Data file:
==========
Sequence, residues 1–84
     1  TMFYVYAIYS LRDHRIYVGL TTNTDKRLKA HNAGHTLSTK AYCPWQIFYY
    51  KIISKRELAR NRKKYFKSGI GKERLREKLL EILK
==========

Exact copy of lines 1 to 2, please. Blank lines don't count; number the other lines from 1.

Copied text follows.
Sequence, residues 1–84
     1  TMFYVYAIYS LRDHRIYVGL TTNTDKRLKA HNAGHTLSTK AYCPWQIFYY